Since people have disparate preferences, interests, and ideas about the world, it is unlikely if not impossible for a government to exist where everything is unanimous. People can even disagree on legislation because they think it goes too far or not far enough. In American politics, for example, after the Pearl Harbor Attack, the vote in congress to declare war on Japan was not unanimous.
One fictional example of what you are describing is the unification government type in the PC game Masters of Orion 2, but this relies on non-human aliens being fundamentally different from humans.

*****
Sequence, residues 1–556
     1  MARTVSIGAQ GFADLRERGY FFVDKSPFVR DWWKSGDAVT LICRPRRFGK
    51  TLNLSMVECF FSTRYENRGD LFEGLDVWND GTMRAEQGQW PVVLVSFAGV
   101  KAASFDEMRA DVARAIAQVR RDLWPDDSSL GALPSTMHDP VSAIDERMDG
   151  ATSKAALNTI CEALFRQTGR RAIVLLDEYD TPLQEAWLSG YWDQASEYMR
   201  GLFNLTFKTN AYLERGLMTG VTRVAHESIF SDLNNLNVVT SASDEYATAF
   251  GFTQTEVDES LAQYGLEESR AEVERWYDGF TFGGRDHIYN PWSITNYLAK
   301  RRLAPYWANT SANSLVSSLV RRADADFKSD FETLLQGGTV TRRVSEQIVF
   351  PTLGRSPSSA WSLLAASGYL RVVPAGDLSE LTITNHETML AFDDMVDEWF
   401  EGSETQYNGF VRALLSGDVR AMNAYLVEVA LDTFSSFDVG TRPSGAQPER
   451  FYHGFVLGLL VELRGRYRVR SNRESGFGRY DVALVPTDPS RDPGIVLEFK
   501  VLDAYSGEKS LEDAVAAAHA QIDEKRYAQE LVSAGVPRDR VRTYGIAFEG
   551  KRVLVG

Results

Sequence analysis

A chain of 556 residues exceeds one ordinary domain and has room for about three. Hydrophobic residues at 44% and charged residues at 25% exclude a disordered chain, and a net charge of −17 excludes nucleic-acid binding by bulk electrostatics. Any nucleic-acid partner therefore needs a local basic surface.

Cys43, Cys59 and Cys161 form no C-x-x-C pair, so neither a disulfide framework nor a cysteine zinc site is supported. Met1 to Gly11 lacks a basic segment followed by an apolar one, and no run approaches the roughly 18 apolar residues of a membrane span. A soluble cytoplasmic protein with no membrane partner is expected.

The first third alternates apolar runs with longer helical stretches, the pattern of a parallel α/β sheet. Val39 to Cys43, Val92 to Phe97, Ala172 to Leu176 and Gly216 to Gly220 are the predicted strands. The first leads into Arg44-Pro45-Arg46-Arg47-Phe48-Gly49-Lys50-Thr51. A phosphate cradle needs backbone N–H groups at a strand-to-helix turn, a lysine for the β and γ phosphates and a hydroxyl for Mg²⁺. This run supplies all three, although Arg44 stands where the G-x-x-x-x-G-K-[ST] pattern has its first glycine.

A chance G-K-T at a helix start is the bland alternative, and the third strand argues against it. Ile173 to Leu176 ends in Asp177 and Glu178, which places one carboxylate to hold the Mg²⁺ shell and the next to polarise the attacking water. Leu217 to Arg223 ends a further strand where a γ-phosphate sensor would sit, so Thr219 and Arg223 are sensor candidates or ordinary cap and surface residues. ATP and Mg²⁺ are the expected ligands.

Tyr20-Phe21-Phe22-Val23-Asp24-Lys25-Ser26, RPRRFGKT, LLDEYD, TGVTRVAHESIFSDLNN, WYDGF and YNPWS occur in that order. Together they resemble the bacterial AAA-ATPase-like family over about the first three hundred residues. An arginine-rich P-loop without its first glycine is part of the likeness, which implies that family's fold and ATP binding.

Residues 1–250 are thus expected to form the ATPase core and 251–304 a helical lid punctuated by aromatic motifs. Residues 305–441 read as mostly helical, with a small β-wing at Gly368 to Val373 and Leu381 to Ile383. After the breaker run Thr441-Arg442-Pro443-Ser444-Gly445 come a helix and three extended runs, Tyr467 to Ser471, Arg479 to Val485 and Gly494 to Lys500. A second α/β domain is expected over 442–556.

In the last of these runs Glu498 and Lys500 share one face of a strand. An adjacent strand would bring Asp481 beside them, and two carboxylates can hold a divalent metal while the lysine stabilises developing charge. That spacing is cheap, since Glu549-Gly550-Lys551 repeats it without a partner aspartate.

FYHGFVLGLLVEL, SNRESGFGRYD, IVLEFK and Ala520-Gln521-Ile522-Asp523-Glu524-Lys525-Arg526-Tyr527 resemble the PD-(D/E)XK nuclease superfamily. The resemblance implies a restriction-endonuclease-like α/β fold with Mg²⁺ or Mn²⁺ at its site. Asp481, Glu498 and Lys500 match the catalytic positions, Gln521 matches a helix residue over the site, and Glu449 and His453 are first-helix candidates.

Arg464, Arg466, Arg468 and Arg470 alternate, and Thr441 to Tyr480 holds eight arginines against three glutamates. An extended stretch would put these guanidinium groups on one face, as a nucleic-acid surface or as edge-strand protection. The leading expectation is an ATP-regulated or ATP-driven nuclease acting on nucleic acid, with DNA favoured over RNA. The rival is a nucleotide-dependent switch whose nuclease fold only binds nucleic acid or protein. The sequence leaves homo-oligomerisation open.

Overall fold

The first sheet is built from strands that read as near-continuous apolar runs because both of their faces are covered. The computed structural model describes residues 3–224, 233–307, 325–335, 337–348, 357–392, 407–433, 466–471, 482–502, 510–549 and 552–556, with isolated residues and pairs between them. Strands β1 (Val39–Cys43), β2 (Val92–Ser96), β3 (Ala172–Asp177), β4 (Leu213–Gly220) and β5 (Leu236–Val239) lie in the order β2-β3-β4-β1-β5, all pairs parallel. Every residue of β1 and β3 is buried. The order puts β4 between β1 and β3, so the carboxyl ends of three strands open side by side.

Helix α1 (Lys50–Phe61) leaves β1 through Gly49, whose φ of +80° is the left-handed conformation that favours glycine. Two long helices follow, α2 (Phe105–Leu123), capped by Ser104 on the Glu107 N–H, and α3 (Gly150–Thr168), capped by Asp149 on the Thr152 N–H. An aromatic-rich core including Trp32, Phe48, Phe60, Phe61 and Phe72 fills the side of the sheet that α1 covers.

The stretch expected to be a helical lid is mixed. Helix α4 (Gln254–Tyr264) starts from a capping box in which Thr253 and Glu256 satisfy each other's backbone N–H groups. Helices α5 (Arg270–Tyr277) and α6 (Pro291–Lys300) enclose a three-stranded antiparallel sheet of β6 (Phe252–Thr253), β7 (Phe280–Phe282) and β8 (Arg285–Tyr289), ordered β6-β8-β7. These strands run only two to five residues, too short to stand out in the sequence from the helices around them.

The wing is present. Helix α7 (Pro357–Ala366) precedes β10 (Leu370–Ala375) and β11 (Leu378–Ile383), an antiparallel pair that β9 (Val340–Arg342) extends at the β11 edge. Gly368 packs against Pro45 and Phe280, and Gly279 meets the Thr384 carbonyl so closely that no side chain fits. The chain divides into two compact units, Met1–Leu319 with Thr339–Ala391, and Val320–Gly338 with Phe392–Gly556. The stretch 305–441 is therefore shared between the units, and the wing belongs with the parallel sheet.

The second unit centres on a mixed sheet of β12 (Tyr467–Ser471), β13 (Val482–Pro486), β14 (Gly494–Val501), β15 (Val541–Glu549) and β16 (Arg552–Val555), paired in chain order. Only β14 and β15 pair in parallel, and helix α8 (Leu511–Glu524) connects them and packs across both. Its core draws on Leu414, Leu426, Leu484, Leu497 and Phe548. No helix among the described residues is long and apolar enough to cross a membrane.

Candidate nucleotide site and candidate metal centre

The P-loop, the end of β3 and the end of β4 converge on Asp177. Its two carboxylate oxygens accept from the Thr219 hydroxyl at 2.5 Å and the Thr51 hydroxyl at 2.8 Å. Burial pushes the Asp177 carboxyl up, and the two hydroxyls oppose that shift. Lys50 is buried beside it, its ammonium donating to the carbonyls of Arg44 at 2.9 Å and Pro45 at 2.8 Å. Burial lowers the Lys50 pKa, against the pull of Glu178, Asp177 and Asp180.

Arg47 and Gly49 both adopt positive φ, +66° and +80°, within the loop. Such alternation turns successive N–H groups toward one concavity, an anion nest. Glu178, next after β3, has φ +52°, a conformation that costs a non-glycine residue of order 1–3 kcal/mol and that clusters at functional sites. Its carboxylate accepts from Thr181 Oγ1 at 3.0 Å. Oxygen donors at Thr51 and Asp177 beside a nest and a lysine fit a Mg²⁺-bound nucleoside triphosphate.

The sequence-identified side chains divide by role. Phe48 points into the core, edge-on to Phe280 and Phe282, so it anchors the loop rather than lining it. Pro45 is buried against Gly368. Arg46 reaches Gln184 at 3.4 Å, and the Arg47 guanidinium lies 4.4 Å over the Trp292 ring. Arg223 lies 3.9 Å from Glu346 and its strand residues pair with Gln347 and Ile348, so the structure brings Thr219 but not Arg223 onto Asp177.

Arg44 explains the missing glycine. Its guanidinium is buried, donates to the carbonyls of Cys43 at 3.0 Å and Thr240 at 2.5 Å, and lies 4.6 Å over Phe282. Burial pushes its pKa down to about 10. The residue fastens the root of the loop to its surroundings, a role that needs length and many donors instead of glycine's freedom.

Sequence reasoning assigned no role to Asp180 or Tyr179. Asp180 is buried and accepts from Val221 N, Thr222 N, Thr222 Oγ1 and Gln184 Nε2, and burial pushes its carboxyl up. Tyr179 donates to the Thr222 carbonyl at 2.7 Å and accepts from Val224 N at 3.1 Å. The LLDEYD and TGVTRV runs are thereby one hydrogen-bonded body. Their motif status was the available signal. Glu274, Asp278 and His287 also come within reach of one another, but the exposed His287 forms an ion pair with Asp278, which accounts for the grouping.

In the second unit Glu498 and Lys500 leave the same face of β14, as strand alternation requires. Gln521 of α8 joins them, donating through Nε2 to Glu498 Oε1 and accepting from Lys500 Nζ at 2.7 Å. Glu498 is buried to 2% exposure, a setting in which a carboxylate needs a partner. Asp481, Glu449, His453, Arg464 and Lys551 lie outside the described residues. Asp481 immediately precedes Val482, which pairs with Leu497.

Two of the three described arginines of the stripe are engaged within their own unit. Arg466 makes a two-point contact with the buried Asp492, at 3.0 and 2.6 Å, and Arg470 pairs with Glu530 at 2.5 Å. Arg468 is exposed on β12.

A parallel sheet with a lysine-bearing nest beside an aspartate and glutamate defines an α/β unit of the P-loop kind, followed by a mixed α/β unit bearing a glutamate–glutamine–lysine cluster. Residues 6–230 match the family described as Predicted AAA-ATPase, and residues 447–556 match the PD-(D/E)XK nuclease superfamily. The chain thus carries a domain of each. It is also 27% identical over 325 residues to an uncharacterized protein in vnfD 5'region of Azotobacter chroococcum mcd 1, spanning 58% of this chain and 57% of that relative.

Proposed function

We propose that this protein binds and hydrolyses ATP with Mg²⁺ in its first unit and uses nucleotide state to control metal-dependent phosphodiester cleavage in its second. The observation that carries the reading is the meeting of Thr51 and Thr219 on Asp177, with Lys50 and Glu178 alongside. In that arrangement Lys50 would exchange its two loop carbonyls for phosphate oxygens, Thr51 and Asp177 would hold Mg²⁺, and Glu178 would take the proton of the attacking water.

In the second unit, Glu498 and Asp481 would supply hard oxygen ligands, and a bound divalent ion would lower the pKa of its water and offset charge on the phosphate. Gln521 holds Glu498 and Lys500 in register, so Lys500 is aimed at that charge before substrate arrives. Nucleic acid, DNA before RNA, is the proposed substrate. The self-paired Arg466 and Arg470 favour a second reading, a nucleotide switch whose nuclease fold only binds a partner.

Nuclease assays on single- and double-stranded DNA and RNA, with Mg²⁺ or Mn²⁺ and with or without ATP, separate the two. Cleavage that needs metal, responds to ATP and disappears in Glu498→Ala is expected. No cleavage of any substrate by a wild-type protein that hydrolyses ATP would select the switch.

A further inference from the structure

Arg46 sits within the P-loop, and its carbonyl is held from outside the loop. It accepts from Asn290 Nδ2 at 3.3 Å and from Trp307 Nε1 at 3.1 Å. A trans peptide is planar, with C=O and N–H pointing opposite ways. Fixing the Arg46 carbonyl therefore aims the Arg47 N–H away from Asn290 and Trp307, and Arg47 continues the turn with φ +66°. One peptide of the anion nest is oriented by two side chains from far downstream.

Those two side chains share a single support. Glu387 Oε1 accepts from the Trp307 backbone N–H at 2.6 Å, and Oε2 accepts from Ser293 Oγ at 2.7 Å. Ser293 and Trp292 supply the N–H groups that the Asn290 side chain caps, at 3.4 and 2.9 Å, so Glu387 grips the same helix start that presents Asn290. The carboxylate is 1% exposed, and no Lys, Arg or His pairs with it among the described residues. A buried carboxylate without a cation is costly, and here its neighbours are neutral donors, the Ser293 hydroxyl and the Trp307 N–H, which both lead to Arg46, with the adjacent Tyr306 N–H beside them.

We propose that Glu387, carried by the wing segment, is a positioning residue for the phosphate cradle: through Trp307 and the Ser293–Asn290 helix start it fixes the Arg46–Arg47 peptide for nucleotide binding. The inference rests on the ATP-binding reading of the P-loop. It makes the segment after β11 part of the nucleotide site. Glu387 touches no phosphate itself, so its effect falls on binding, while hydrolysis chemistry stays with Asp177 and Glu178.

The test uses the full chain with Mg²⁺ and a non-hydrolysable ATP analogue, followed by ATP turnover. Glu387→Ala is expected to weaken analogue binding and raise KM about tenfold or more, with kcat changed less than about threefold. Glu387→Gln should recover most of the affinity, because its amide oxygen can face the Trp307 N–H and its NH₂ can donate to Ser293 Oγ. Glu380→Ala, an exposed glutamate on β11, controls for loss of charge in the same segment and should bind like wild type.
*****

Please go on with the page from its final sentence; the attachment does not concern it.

Milton Friedman's idea of "unanimity without conformity" is related to this idea. Friedman's idea is that, in a market, all parties to a transaction must unanimously consent. If I want to trade you $3000 for your old car, we have to unanimously agree that we are both better off by this transaction. In contrast, a government decision that everyone must own a specific car, would force people who don't want that car to own it. It would force conformity(everyone being the same) without unanimity(everyone agreeing to the change). Friedman uses this idea to emphasize that market transaction which are unanimous are generally preferable to government mandates, which force the will of the majority onto minorities. Obviously, externalities mess this up, but that's a different topic.